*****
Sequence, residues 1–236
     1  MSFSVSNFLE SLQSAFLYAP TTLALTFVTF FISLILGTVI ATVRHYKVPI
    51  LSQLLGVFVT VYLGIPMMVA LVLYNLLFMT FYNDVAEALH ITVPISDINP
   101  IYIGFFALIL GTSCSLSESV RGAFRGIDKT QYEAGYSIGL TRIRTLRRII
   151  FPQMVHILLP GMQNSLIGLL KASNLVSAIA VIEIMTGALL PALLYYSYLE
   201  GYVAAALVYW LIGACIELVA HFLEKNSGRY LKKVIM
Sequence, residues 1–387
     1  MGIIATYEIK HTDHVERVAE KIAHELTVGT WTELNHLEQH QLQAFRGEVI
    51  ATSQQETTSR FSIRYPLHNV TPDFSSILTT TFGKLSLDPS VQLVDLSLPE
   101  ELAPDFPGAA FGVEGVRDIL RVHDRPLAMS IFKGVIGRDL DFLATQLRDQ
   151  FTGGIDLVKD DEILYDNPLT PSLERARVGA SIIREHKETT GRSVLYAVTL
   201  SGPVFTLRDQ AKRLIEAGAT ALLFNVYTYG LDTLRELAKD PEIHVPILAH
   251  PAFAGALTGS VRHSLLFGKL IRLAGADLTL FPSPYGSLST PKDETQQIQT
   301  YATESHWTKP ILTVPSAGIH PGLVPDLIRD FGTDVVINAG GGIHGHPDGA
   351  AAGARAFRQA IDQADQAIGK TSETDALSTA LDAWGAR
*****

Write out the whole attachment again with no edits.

Sequence, residues 1–236
     1  MSFSVSNFLE SLQSAFLYAP TTLALTFVTF FISLILGTVI ATVRHYKVPI
    51  LSQLLGVFVT VYLGIPMMVA LVLYNLLFMT FYNDVAEALH ITVPISDINP
   101  IYIGFFALIL GTSCSLSESV RGAFRGIDKT QYEAGYSIGL TRIRTLRRII
   151  FPQMVHILLP GMQNSLIGLL KASNLVSAIA VIEIMTGALL PALLYYSYLE
   201  GYVAAALVYW LIGACIELVA HFLEKNSGRY LKKVIM
Sequence, residues 1–387
     1  MGIIATYEIK HTDHVERVAE KIAHELTVGT WTELNHLEQH QLQAFRGEVI
    51  ATSQQETTSR FSIRYPLHNV TPDFSSILTT TFGKLSLDPS VQLVDLSLPE
   101  ELAPDFPGAA FGVEGVRDIL RVHDRPLAMS IFKGVIGRDL DFLATQLRDQ
   151  FTGGIDLVKD DEILYDNPLT PSLERARVGA SIIREHKETT GRSVLYAVTL
   201  SGPVFTLRDQ AKRLIEAGAT ALLFNVYTYG LDTLRELAKD PEIHVPILAH
   251  PAFAGALTGS VRHSLLFGKL IRLAGADLTL FPSPYGSLST PKDETQQIQT
   301  YATESHWTKP ILTVPSAGIH PGLVPDLIRD FGTDVVINAG GGIHGHPDGA
   351  AAGARAFRQA IDQADQAIGK TSETDALSTA LDAWGAR